The venerable conservative magazine National Review is under-fire for its support of Obama’s plan to give the goverment “the authority to take control of the operations of the firm or to sell or transfer all or any part of the assets of the firm.” And the attack is coming from The American Spectator, long an ally of the National Review both in the broader political scene and in the intramural wars of the American Right.
In an article that mocks NR as “Nationalization Review,” the Spectator points out that the “resolution regime” would give the executive branch unprecedented power to seize private companies, with little recourse and almost none of the traditional checks and balances that have traditionally characterise the constitutional exercise of government power. The Spectator points out that NR opposed nationalization in foreign lands but seems to have climbed in bed with Obama now.
For it’s part, NR argues that the ‘resolution regime’ would be more orderly than the ad-hoc bailout system we’ve almost accidentally adopted without much public consideration or deliberation. It might also act to reduce moral hazard created by bailouts, where the managers and bond holders have often been left in place while companies received government funds.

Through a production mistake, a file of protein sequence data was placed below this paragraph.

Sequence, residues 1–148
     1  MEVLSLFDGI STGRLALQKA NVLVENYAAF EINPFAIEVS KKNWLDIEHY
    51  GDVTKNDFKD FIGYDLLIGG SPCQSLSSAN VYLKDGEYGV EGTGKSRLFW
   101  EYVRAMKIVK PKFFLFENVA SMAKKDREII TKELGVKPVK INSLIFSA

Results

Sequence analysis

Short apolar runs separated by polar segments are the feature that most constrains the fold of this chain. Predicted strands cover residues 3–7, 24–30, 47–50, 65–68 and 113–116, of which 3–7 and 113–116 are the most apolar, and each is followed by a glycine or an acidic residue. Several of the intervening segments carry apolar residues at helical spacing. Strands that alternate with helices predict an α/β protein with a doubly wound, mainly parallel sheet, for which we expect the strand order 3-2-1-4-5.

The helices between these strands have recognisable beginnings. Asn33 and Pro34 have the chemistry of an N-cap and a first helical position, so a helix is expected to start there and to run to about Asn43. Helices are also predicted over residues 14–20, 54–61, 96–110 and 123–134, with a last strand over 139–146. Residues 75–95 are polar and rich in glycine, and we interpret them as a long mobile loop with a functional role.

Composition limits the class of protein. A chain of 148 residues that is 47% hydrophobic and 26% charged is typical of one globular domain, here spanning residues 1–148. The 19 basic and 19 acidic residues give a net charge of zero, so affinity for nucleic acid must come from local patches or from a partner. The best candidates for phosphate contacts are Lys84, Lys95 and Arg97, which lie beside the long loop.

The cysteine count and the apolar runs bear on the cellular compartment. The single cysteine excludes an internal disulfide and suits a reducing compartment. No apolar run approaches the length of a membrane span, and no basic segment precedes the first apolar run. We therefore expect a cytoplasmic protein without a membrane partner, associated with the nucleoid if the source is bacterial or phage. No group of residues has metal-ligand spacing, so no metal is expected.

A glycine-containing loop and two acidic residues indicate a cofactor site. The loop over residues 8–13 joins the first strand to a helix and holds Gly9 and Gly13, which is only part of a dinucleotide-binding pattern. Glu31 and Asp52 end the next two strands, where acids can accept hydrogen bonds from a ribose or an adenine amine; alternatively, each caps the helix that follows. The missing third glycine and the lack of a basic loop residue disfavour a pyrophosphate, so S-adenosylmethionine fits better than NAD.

The Spectator responds by saying that the threat of ‘resolution’ could give the government unwarranted power over private companies, who will have to operate under the fear that they could be seized by the government if they defy politicians. And it is unlikely that the ‘resolution regime’ would apply only to financial firms, unlike the FDIC’s power over banks. After all, the TARP was quickly expanded to incude non-financial firms such as automakers.
There’s nothing new about infighting on the Right. Paleocons and neocons have long been at each other’s throats. National Review itself began in kind of schism, breaking from many of the libertarian and anti-communist groups that had characterised the right-wing of American politics. But the split with the American Spectator is something new–a split between two magazines right at the centre of the conservative movement.
Politics makes strange bedfellows. But it also makes for even stranger break-ups.